Baraka adds famed Newark activist 'Street Doctor' to city payroll

By Dan Ivers | NJ Advance Media for NJ.com
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on October 02, 2015

Earl 'Street Doctor' Best, shown here in a 2013 file photo. Best, a well-known community organizer in Newark, is now working for the city as a special events program coordinator.

 

NEWARK – The Street Doctor is in session, both on the pavement and behind the pillars of City Hall.

The community organizer, born Earl Best, was hired to a $43,402 position as a special events program coordinator on Aug. 17. NJ Advance Media learned of the hire through a public records request last month.

In an interview earlier this week, Best, 67 said he had largely been working alongside Mayor Ras Baraka as he visits local schools, prisons and juvenile detention centers to discuss job opportunities, training and other positive outlets for young people. The mayor kicked off the tour at Malcolm X Shabazz High School on Sept. 10.

"It's a tour, I love it because this is what I do as the Street Doctor," Best said. "The mayor is the highlight of it, and I give it more meat to the bone."

In a statement, the city said Best had already been working for the city on a grant, and had simply been transferred to its Office of Workforce, Reentry, Youth and Affirmative Action to continue helping young people seek and find jobs.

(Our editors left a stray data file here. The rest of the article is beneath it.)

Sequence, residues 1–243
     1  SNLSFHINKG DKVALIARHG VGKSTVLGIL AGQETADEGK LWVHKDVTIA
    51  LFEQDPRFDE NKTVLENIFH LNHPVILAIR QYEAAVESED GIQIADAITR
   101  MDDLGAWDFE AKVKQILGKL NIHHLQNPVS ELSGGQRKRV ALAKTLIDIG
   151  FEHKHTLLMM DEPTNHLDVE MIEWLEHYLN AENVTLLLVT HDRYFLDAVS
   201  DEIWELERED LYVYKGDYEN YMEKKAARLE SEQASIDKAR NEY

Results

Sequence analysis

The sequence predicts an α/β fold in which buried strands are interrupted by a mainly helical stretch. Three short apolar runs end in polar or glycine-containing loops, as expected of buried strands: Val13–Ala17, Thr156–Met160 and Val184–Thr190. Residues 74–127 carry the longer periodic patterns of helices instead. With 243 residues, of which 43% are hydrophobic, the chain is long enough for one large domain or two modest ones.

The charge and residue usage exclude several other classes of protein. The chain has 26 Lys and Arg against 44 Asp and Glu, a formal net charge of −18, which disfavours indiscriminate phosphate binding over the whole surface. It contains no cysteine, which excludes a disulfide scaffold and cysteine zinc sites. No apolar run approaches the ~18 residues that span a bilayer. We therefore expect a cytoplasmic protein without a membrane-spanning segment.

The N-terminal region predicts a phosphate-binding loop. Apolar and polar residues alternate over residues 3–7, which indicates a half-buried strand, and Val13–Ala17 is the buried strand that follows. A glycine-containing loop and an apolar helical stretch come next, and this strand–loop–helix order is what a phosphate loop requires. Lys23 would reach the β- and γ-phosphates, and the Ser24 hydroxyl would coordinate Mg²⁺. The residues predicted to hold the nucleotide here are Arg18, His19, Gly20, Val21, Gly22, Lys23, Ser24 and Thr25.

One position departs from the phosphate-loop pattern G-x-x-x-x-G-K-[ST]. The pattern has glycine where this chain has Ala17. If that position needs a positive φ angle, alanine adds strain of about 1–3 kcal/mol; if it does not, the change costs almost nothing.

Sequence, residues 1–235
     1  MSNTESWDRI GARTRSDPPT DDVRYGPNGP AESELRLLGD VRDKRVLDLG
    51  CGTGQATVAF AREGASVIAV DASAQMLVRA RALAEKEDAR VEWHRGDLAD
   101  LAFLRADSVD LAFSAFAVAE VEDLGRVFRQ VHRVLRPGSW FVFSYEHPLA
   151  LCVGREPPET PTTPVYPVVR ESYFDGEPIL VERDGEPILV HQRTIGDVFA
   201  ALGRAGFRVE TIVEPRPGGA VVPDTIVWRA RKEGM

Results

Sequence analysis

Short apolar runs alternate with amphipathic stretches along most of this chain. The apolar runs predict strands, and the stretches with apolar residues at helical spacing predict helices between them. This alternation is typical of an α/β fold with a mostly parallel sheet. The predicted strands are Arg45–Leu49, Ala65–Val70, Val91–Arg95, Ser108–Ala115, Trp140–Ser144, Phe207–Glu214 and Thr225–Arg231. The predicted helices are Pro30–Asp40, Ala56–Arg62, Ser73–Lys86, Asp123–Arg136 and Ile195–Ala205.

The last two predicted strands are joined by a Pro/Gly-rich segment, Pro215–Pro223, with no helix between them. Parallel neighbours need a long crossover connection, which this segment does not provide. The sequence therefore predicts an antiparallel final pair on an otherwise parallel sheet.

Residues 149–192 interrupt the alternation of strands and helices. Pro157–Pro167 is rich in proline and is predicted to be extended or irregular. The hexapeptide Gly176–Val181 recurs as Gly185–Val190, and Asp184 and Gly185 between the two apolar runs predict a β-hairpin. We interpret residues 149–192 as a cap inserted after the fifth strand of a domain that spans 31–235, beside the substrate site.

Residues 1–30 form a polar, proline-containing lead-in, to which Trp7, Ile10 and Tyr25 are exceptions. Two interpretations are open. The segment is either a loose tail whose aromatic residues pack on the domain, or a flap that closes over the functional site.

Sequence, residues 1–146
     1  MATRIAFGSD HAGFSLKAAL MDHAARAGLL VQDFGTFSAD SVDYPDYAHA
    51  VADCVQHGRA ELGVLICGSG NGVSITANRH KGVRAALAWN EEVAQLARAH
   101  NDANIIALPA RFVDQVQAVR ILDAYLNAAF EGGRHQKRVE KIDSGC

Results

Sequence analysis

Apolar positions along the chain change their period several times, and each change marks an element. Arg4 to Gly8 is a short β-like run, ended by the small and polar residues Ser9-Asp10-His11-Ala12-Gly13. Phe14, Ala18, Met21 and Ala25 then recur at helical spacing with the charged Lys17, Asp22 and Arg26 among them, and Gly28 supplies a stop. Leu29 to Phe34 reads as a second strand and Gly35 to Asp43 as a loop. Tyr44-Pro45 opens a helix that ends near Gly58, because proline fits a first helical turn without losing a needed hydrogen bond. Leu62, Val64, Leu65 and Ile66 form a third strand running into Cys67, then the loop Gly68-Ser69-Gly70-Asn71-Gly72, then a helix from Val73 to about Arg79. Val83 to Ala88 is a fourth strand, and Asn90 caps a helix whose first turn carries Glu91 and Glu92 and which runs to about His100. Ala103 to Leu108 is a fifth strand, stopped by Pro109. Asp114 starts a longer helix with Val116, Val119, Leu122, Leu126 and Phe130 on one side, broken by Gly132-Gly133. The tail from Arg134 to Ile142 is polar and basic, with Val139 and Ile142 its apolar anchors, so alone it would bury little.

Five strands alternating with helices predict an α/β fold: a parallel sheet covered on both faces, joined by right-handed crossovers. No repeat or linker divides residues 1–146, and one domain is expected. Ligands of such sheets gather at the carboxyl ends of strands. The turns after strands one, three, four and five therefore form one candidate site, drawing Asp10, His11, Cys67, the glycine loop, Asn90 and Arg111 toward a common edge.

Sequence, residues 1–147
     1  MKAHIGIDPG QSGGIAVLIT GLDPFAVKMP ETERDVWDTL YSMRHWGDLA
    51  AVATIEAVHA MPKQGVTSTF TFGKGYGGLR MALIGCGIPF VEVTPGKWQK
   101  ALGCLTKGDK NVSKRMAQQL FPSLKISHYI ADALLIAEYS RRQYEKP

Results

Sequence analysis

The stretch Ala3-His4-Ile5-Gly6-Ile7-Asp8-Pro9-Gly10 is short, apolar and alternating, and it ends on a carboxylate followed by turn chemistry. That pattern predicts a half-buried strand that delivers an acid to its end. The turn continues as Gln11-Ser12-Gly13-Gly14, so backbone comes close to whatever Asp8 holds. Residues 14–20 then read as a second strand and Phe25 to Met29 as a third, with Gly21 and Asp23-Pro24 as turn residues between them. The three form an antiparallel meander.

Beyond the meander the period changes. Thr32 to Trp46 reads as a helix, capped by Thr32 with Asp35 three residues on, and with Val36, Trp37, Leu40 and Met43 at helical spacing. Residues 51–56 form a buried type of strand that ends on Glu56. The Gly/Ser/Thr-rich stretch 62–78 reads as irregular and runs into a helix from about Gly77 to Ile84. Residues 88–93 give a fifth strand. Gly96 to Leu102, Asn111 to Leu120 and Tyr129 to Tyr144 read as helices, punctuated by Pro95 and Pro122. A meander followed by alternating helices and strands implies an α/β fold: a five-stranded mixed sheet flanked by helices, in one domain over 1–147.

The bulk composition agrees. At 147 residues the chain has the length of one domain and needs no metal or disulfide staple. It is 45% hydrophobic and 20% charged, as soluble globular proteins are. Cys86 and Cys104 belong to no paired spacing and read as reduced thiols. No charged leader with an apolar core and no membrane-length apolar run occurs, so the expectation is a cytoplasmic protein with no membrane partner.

The city said it had no "boilerplate" for employees, and demonstrating through its hiring practices that local businesses to do the same "can thrive if they follow our model by opening their employee rolls to citizens who offer a wealth of experiences and innovative skill sets."

Best is one of the city's most famed community advocates, appearing everywhere from shooting scenes and Thanksgiving turkey giveaways to preach against violence and the pitfalls of poverty. A Newark native, he served 17 years in prison, including 10 in solitary confinement, after being convicted of a 1983 bank robbery.

After his release in 2000, he founded Street Warriors, a Newark-based group of ex-offenders hoping to discourage violence by creating other outlets for youth, and has been a vocal presence around the city ever since.

He appeared in both seasons of the Sundance documentary, "Brick City," was a panelist at 2011's Newark Peace Summit alongside the Dalai Lama, and makes regular appearances at Municipal Council meetings to spread his message. In 2012, he announced his intention to run for mayor, though the campaign failed to gain much traction.

In its statement, the city said Best's myriad contributions throughout Newark's neighborhoods made him a deserving candidate for a public job.

"He has demonstrated his commitment to this community through his work and through his intense volunteer efforts," it said.

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